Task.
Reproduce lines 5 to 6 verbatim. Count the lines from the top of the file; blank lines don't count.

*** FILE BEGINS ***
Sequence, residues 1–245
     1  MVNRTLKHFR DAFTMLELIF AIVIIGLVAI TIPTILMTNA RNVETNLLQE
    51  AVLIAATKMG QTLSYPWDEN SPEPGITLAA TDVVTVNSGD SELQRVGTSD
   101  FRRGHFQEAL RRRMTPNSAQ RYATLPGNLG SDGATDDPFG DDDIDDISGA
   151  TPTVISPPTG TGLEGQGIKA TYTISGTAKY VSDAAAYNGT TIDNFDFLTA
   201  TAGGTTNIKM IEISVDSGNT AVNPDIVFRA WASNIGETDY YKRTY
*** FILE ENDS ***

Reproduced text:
   151  TPTVISPPTG TGLEGQGIKA TYTISGTAKY VSDAAAYNGT TIDNFDFLTA
   201  TAGGTTNIKM IEISVDSGNT AVNPDIVFRA WASNIGETDY YKRTY